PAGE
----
Solidarity among women is diverse and disputed. Kiel-based political scientist Brigitte Bargetz has considered the subject in detail and sets out five central kinds of solidarity.
Women have had enough. Sexual assaults are not only nearly a daily occurrence in Hollywood, but are also common in Germany: whether in the public sphere or private environment, women still have to often defend themselves against violent assaults and verbal abuse from men. “It is simply not acceptable,” said Dr Brigitte Bargetz, explaining the reason why the #MeToo initiative came into being, among others, in 2017. “Many women show their solidarity, go together into battle against hierarchical gender relationships on the street, protest together online and on social media and try to change things,” explained the political scientist at the Institute of Social Sciences at Kiel University.
“Solidarity among women forms the basis of feminism,” explained Bargetz, who is well versed in the subject of feminist solidarity. Last year she – and her colleagues Alexandra Scheele and Silke Schneider – published a paper about it (Femina Politica 2/2019). “Of course, there are differences between women. Many feminists are united by the fight against patriarchal violence towards women of varied origin, class, ethnicity and sexual orientation.” That is not, however, the only reason to show solidarity. Feminist solidarity is diverse. Women are by no means only committed to the objectives of women’s movements, but support variously defined minorities, show solidarity with women round the world, look after refugees or take to the streets for climate protection.
Women show their solidarity, go together into battle against hierarchical gender relationships on the street.
“My colleagues and I set out five central kinds of solidarity,” explained Bargetz. Political solidarity, the fight against patriarchy and sexism in response to inequality and suppression, is one of these. Institutionalised solidarity, by contrast, describes the support of socially weaker people by the social and welfare state to ensure participation in public life. The other kinds are solidarity as a concept of existence (the recognition that people are mutually dependent), solidarity as a feeling as well as solidarity as a practice, in which links are established over differences.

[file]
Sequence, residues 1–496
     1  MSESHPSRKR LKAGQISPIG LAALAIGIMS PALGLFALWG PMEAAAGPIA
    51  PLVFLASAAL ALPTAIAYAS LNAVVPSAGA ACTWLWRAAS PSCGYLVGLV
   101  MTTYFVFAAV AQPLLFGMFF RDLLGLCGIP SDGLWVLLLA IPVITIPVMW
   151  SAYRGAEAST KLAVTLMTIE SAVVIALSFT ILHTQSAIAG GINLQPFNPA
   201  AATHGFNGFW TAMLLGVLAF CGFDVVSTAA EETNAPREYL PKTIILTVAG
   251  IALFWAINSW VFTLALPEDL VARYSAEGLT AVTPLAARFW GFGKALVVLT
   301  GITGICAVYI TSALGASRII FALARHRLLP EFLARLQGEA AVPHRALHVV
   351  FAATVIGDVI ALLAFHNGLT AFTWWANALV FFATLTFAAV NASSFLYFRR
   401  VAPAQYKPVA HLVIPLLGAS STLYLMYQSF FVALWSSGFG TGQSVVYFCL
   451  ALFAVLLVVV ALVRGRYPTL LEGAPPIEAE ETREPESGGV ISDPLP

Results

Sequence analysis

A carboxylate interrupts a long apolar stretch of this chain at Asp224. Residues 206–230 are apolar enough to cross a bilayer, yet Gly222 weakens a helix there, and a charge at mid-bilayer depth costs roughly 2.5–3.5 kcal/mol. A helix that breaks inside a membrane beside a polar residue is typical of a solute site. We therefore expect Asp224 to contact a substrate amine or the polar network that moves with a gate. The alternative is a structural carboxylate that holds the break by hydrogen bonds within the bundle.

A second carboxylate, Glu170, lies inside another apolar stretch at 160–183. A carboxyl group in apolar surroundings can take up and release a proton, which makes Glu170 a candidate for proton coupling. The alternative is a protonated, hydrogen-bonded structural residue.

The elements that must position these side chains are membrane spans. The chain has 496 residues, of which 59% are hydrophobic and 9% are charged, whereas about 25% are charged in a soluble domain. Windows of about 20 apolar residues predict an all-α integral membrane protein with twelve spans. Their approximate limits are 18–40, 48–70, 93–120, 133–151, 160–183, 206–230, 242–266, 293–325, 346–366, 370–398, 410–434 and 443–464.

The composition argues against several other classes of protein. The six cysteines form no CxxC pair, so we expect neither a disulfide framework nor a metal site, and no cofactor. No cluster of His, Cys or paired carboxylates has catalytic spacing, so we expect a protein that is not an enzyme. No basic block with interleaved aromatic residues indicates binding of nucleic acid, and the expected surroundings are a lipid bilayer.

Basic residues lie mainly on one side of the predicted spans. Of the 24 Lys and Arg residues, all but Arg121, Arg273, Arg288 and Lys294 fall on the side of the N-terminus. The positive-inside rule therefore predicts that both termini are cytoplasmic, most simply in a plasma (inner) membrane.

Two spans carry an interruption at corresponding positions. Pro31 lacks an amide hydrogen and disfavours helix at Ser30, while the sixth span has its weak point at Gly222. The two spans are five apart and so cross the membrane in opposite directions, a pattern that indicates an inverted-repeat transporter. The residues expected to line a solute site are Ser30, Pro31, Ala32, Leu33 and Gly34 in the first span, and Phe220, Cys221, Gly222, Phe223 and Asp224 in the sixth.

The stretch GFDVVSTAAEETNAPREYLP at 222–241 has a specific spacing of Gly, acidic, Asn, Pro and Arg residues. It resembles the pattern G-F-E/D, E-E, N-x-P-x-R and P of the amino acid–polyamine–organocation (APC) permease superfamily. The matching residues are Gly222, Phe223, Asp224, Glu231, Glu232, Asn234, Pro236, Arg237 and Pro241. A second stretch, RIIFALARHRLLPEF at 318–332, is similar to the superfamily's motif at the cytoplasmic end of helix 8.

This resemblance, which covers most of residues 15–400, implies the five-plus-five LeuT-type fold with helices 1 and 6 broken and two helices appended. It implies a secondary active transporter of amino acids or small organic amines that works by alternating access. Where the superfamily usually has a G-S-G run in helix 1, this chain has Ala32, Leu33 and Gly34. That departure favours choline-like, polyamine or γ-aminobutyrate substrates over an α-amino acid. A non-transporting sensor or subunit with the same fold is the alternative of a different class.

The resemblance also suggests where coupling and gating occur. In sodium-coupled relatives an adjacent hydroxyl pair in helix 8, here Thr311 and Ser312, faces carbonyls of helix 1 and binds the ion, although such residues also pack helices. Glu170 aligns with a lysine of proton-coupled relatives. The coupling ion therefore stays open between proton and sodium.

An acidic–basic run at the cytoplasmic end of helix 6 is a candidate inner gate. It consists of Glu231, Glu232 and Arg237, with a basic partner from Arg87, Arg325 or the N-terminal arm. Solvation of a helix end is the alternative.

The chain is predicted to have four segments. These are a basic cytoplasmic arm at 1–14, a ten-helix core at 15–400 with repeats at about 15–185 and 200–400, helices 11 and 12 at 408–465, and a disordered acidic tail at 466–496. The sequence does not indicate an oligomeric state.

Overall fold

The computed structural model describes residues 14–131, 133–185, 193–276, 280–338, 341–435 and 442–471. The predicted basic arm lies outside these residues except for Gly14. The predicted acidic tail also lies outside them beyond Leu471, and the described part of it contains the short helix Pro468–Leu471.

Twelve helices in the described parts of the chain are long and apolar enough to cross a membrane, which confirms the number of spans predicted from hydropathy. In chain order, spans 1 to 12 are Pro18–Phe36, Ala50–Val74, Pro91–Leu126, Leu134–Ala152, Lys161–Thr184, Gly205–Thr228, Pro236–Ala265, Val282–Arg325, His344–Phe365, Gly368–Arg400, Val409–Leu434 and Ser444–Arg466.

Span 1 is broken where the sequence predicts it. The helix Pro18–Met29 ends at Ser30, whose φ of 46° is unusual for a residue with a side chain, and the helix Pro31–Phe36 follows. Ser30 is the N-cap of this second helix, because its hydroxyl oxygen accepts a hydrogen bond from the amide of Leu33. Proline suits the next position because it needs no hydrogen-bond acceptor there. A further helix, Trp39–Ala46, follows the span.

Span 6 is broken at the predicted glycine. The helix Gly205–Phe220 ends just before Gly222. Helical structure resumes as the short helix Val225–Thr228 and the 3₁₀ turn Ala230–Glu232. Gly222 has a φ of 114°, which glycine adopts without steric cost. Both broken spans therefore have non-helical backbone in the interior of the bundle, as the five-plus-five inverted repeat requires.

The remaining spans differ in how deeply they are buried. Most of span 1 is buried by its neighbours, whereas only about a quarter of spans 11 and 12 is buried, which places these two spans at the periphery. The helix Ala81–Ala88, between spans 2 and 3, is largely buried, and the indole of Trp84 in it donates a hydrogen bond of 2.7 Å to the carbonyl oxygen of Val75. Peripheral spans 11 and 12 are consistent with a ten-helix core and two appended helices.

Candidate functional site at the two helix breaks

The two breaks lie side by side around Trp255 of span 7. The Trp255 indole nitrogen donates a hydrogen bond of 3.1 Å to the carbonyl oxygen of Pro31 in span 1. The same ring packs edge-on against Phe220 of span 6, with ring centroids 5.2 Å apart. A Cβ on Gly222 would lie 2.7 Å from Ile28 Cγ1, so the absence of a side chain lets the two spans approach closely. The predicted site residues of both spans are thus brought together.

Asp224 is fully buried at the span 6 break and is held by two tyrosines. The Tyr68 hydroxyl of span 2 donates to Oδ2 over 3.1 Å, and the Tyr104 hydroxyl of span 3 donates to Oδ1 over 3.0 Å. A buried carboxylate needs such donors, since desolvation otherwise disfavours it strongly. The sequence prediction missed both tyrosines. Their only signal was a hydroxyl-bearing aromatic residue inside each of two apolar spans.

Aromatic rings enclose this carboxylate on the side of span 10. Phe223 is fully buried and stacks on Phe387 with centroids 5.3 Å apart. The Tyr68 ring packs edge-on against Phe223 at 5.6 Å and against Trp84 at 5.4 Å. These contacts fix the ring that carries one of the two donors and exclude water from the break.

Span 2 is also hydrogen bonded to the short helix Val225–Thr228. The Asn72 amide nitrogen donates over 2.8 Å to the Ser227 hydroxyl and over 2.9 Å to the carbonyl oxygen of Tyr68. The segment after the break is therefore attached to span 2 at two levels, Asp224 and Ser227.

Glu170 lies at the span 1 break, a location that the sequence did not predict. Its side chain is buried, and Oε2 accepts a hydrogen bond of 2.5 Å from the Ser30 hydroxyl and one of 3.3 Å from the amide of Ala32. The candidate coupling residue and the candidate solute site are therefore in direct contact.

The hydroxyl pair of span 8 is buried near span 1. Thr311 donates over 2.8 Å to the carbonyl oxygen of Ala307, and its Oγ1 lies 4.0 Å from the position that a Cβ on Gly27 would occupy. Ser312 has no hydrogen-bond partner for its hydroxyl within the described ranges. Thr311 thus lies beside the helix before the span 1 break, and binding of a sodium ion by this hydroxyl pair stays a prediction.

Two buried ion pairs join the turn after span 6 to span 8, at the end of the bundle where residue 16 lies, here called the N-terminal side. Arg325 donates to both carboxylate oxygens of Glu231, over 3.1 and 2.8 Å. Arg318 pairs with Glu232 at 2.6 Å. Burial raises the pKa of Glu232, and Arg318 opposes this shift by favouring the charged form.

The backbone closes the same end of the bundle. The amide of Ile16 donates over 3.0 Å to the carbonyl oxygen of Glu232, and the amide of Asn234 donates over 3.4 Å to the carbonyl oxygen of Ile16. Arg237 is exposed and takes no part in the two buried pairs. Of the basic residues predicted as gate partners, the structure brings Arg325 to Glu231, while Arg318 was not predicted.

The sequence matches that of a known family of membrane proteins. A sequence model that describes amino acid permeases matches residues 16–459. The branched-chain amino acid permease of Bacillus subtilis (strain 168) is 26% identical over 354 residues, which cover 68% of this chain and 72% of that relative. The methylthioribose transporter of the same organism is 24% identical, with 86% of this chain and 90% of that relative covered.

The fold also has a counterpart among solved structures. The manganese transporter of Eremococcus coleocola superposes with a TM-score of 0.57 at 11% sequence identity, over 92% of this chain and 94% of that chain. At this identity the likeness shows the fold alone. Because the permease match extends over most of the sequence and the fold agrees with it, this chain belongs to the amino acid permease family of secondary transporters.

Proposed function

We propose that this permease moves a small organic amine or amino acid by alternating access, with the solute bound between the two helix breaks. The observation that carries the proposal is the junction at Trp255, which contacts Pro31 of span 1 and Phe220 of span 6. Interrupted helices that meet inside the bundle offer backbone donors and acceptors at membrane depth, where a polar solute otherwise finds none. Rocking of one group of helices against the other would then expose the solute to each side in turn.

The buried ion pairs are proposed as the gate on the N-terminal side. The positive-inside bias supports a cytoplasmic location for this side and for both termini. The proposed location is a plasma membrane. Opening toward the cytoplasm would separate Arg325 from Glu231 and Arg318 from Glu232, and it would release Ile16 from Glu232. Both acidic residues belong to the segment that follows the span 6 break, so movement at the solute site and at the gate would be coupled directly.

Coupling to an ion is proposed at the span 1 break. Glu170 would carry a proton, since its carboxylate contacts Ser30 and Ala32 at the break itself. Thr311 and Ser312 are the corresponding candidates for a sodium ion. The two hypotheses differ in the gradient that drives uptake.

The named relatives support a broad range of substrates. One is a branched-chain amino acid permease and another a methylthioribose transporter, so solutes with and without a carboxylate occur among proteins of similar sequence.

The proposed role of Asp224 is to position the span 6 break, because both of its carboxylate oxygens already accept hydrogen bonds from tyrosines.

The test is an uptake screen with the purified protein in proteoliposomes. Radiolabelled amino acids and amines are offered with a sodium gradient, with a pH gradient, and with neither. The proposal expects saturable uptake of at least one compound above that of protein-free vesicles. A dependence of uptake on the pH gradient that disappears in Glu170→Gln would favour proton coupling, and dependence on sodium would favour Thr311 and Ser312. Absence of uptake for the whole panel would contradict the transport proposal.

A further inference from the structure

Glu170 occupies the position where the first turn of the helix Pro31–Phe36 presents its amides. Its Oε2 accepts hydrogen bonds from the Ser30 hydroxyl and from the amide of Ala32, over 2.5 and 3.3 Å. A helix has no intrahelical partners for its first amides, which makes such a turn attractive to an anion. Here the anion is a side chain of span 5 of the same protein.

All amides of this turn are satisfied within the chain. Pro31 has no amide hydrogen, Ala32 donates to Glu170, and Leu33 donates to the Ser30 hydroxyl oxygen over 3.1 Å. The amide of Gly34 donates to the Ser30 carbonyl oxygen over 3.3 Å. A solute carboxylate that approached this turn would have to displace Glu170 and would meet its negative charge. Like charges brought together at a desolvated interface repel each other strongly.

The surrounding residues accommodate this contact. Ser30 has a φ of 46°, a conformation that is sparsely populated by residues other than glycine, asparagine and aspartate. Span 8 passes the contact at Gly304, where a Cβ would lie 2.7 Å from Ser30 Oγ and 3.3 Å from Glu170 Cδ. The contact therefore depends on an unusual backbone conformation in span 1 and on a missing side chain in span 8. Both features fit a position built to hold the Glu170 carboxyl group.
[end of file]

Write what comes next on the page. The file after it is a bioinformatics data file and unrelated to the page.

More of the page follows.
In its diversity, feminist solidarity contains a lot of potential for conflict and contradictions. “Solidarity is always disputed, too,” Bargetz, Scheele and Schneider have found. “There is not one common interest, the one common battle for the one common good cause,” they said. “The challenge is to find an intersection, a path that can be trod together,” said Bargetz, knowing full well that “solidarity among women under sexist, capitalist and racist conditions is sometimes hard to realise”.
Stirring moments contribute to solidarity, too. Moments such as the Weinstein scandal, which triggered the #MeToo movement: the film producer is said to have sexually assaulted and harassed women in the American film industry over decades. One tweet about it went out to the world. Under the hashtag MeToo, women have since reported their experiences of abusive men. “There have been many more women's movements over the past centuries,” said Bargetz. Within the 1968 movement, for example, there were also solidarity movements among women. The critical discussion in the 1970s about the paragraphs on abortion under Section 218 of the German Criminal Code (Strafgesetzbuch) also caused a solidarity movement among women who called for their deletion from the code. There is also the movement “ni una menos” (not one less), which was founded in Argentina in 2015 against the murder of women and sexual violence against women and has since grown in importance far beyond. Feminist solidarity is “not just a diverse but also a transnational fight for gender equality,” said Bargetz. “And that is a good thing. Solidarity will probably continue to be a fight and, at the same time, be disputed itself.”
Author: Jennifer Ruske